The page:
In its ongoing effort to make life difficult for environment reporters, the Obama administration once again announced major environmental news on a Friday. This time, however, it was not a measure to protect the environment, but to destroy it. The Department of Interior decided to allow seismic testing off the southern Atlantic coast from Delaware to Florida. This is a precursor to possible oil and gas drilling, to determine what fossil fuel resources are there.
It is an illustration of one of Obama’s biggest failures on climate change. And it points to the direction that environmentalists need to go next: call for a moratorium on all federal leasing for fossil fuel development.
Green groups and green leaders in Congress attacked Interior’s move. Sen. Sheldon Whitehouse (D-R.I.), a top climate hawk, issued a statement saying, “it just doesn’t seem worth putting our oceans and coasts at risk.” The NRDC called the decision “a major assault on our ocean.”
There are four big reasons to oppose this seismic testing:
1. Damage to marine life from testing. Seismic testing involves blasting underwater with air guns, creating dramatic sound waves that can travel thousands of miles. As Grist’s John Upton noted in February, when the Bureau of Ocean Energy Management released its preliminary report on this plan, 34 marine mammal species that use sound to navigate could be harmed, and many animals could be killed. The government’s own assessment said more than a million bottlenose dolphins could be hurt every year, along with a number of endangered whales.
2. Damage to marine life, oceans, and coastlines from drilling. If offshore oil and gas drilling does happen in the region, it will cause pollution of the oceans and degradation of fisheries and coastlines, possibly damaging local fishing and tourism industries. Small spills are just business as usual for the oil industry.
3. Possible disaster. Offshore drilling creates the risk of a big oil spill that could devastate an entire ecosystem. The Obama administration was actually taking steps toward allowing offshore drilling along the Atlantic coast in the spring of 2010, but then the Deepwater Horizon explosion happened in the Gulf of Mexico and plans were put on hold.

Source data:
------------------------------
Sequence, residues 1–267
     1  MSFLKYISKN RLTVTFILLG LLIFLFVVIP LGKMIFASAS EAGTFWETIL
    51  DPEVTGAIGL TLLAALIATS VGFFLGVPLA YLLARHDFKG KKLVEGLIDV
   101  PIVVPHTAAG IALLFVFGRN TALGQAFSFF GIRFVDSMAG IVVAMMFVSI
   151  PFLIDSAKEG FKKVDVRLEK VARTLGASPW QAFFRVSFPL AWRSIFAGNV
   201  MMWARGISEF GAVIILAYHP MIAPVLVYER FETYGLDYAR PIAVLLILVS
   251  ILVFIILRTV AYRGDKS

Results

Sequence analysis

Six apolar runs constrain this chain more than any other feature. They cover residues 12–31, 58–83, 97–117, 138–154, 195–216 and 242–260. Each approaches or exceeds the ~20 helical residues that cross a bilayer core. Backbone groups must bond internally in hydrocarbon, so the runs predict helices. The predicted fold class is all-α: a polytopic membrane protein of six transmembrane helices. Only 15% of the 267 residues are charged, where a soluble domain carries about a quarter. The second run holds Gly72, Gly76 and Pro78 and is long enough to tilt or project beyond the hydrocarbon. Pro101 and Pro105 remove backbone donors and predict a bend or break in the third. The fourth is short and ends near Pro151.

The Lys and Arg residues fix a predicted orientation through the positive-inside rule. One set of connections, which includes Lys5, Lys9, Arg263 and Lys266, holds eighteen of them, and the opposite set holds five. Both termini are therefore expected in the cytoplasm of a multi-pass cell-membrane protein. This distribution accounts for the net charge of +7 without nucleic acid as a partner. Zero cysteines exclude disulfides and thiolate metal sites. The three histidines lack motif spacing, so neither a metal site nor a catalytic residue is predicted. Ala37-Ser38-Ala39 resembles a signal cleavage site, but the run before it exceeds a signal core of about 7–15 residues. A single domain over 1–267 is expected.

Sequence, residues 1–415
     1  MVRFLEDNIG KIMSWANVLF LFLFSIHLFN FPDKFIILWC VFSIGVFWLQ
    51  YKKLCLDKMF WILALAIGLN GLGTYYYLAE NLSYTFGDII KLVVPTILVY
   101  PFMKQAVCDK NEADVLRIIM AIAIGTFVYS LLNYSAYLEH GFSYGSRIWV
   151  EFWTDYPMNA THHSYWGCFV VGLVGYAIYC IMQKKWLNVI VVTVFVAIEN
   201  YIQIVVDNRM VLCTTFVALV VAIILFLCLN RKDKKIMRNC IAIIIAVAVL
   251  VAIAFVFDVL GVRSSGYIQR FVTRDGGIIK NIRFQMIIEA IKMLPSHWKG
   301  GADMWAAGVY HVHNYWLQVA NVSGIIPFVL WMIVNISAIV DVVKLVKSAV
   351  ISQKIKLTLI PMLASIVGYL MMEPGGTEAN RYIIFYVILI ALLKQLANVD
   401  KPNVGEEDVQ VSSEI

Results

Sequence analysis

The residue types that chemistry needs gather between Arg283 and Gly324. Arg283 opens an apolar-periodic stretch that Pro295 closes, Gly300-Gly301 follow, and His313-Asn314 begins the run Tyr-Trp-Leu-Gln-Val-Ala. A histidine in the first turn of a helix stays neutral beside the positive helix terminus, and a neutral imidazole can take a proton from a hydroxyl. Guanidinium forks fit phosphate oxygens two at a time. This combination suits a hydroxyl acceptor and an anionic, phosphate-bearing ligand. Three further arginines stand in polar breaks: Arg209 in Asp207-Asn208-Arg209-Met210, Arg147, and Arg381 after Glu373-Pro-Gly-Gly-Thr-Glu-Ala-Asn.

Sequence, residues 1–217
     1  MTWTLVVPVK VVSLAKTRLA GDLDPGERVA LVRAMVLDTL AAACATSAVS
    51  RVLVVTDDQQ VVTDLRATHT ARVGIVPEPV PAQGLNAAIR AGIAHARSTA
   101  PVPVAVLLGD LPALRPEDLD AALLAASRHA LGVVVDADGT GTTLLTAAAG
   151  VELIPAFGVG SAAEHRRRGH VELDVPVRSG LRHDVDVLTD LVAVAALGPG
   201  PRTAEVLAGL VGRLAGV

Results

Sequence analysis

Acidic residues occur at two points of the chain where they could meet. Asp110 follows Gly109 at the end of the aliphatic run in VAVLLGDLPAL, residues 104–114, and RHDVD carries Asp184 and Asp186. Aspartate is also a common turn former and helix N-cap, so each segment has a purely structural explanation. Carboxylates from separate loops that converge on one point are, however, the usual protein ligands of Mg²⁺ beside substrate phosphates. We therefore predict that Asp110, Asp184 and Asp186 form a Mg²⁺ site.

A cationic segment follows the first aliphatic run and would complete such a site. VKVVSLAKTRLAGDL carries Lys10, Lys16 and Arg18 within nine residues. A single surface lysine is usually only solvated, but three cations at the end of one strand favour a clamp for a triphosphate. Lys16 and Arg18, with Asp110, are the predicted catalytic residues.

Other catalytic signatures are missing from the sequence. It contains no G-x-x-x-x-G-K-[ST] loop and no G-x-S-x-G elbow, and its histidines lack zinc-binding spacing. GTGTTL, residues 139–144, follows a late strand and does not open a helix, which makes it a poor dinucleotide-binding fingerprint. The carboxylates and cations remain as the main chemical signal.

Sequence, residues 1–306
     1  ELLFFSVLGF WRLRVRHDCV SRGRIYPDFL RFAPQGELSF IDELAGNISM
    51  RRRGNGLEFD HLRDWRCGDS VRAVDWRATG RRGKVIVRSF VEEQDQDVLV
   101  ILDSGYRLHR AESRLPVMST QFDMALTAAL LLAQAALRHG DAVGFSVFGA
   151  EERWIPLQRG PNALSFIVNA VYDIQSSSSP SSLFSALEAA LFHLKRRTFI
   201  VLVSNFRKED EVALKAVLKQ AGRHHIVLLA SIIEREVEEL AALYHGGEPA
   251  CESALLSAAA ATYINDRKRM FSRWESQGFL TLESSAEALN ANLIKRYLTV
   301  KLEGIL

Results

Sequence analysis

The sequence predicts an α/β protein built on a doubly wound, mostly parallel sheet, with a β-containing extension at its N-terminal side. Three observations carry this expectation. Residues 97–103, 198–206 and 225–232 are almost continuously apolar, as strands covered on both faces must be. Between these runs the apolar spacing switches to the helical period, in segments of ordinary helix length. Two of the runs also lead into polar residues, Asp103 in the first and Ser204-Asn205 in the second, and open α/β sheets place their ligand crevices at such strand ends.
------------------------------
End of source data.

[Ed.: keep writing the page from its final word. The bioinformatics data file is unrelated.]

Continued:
4. And, of course, climate change. Obama has publicly committed to fighting climate change caused by fossil fuels, and yet he approves the extraction of more fossil fuels. By allowing this extraction on public lands and in federally controlled oceans, he is essentially subsidizing fossil fuel consumption and contributing to more climate change.
“It’s completely inconsistent with this ambitious climate policy they’ve announced to then turn around and say, ‘Well, we might allow drilling,’” says Athan Manuel, director of the Sierra Club lands protection program.
The huge increase in oil and gas production during Obama’s tenure may make his record on allowing drilling seem worse than it is. Most of the fracking boom is actually occurring on private land. “This president has been pretty good when it comes to leasing public lands for oil and gas in particular,” says Manuel. “But to allow seismic testing is inconsistent with what he’s done in the past.”
The Interior Department’s latest move is especially bizarre because early in Obama’s first term, when there was still hope for Congress passing climate change legislation, granting offshore drilling leases was supposed to be part of what Obama offered Republicans and conservative Democrats from states like Virginia in exchange for their votes. Now Republicans control the House of Representatives, climate change legislation has no chance, and Obama will get nothing in return for this. The only stakeholders who are pleased by the announcement are industry groups like the American Petroleum Institute, which never have done, and never will do, any favors for Obama.